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Tears are falling this morning for the tragic loss of our friend, Trey Pennington. Trey and I met years ago on line and I could always count on him for friendship, advice and support. With more than 100,000 Twitter followers and nearly 5000 friends on FaceBook, Trey was alone last night as he took his own life, outside of his church.
He was a successful husband, father and businessman, but dealt with depression for some time. Those of us who knew Trey, even just online, loved him. But it wasn’t enough to prevent this tragedy from happening.

I was a friend, yet I didn’t know that he needed help.

The loss of Trey makes me wonder how many other people are struggling, and are embarrassed or afraid to reach out for help.

It’s a reminder to me to take the time to be there for those I love, and for those in need. It’s a wake up call for all of us- to be there for one another, and to love one another.

Life is short, and in some cases, way too short. If you’re depressed or need help, please reach out to a friend or to the National Suicide Prevention Hotline at 1-800-273-8255. There are caring individuals to help and who care. YOU MATTER!

Trey’s last tweet shared love with the community that surrounded him, yet wasn’t there for him in his time of need. Shortly after this tweet he ended his life.Screen Shot 2011 09 05 At 10.35.12 AmIn honor of Trey and to prevent a needless tragedy from happening again, please make a difference today by reaching out in person, by phone or even online to share love with someone in need. Share how much their being here on this planet matters to you personally. We all have problems and troubles that sometimes get us down.

Knowing that we’re not alone and that others care can make a big difference- sometimes, the difference of life and death.

Not sure who to send love to? If you search the term “need a hug” on Twitter, you’ll find many folks tweeting every minute, looking for love and acknowledgment that they matter and that someone cares.

Go send five hugs to strangers, because your kindness will make a difference. Then, take that sentiment with you today and share love where you go.

Our prayers go out to Trey’s family today as the world grieves the loss of this bright light.

Today is the perfect time to share love. Share a hug. Be the friend that you want others to be for you. Don’t assume that someone knows how you feel- tell them now, before it’s too late.

Last, know that YOU matter. Although we may only be connected via this post, I care about you. is here to help in any way that we can, so please reach out and let us know how we can be of service to you. Your being here is a gift to this world.

With love and appreciation for who you are,


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Gail Lynne Goodwin is the founder of, bringing the best inspiration to the world. provides free inspiration, each day from a new Inspirational Luminary, to a global community of folks from over 150 countries. Gail has interviewed many well-known names including Sir Richard Branson, Guy Laliberte, Seth Godin, Tony Hseih, Gary Vaynerchuk, Michael Gerber, Marci Shimoff, Jack Canfield and hundreds more. According to Mashable, Gail was one of 2009's Top 25 Most Inspirational People on Twitter.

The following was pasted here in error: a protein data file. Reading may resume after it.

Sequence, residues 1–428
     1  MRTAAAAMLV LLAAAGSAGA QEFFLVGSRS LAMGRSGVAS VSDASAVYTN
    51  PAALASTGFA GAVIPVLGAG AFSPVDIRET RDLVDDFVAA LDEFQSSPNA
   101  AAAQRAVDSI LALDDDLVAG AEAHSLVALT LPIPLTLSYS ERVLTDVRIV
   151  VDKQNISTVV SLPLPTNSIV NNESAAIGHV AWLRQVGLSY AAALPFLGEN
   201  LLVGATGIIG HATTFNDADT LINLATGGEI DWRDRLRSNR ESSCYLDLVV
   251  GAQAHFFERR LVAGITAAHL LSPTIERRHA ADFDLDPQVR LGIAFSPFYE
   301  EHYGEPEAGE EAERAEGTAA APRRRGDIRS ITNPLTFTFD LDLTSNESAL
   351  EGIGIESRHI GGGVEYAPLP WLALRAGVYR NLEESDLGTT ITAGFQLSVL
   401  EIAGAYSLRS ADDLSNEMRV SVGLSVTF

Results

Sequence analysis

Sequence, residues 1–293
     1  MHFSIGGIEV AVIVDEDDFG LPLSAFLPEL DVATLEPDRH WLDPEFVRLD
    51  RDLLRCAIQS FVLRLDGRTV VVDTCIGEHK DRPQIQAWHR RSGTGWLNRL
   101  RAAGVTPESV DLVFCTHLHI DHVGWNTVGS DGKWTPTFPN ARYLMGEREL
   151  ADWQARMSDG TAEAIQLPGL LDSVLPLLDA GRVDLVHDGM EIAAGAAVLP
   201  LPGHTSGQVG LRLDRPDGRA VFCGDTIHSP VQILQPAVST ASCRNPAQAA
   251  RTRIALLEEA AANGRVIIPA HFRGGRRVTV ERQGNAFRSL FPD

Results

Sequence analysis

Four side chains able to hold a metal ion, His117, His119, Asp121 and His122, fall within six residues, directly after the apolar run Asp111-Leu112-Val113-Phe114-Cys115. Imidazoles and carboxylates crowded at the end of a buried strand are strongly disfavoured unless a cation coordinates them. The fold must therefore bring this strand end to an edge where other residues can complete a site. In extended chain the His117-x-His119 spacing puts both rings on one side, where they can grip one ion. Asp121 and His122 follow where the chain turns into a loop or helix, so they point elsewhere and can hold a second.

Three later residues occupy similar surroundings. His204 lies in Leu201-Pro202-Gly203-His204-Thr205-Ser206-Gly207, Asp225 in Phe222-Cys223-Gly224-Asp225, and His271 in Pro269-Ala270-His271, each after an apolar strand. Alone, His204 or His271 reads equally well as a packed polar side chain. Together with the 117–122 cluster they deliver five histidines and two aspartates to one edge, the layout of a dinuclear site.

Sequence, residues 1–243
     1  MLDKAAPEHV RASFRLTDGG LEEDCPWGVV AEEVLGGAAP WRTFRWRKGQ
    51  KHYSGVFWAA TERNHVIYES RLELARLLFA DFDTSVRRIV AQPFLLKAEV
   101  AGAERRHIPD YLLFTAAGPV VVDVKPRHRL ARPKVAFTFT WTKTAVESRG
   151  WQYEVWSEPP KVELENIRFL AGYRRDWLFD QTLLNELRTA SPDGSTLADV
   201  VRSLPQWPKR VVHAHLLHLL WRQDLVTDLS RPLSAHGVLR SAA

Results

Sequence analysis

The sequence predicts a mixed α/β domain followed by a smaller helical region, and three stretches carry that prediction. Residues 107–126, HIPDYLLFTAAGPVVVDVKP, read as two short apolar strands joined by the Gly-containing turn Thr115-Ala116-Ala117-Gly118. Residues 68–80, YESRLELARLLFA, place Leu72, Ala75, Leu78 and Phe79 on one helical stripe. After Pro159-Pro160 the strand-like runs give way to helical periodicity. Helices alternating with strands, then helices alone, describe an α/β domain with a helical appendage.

Prior to, Gail spent several years as manager for her recording artist daughter, Carly. As a result of the success of their co-penned song, "Baby Come Back Home", Gail accompanied her daughter to bases in the US and to Guantanamo Bay, Cuba where Carly performed for our troops. Gail and Carly created the 'World's Longest Letter' of love and support and delivered the 18-mile long scroll on a month-long tour of Iraq and the Persian Gulf in 2006.

Gail is excited to present her latest course, Love in 21 Days, a step-by-step guide to finding love online. Love in 21 Days is founded on a logical process that has been tested - and proven! - by not only Gail, but also by students around the world who too have found love.

Gail is a published author and a regular writer for the Huffington Post. She offers mentoring and mastermind services to clients worldwide from her home in Whitefish, Montana. Follow Gail on Twitter or Google+.

This Post Has One Comment

  1. Depression is a despicable illness. It robs people of the ability to feel anything but isolation and despair. The real tragedy illustrated in Trey Pennington’s death is the wall that his depression had created prevented his feeling the love and appreciation of his thousands of followers and friends in social media and, I’m sure, in his community … even his own family. That love could have been his lifeline, but he most likely couldn’t sense it, see it or feel it because of his illness. No one will ever know exactly what ultimately drove Trey to that point of “no way out” desperation that caused him to end his own life. But, in his memory, it will never hurt to reach out to those you love … and show kindness to strangers passed on a busy street with a simple smile. You may never know if it saves a life, but considering what Trey had to battle, it’s always worth a try.

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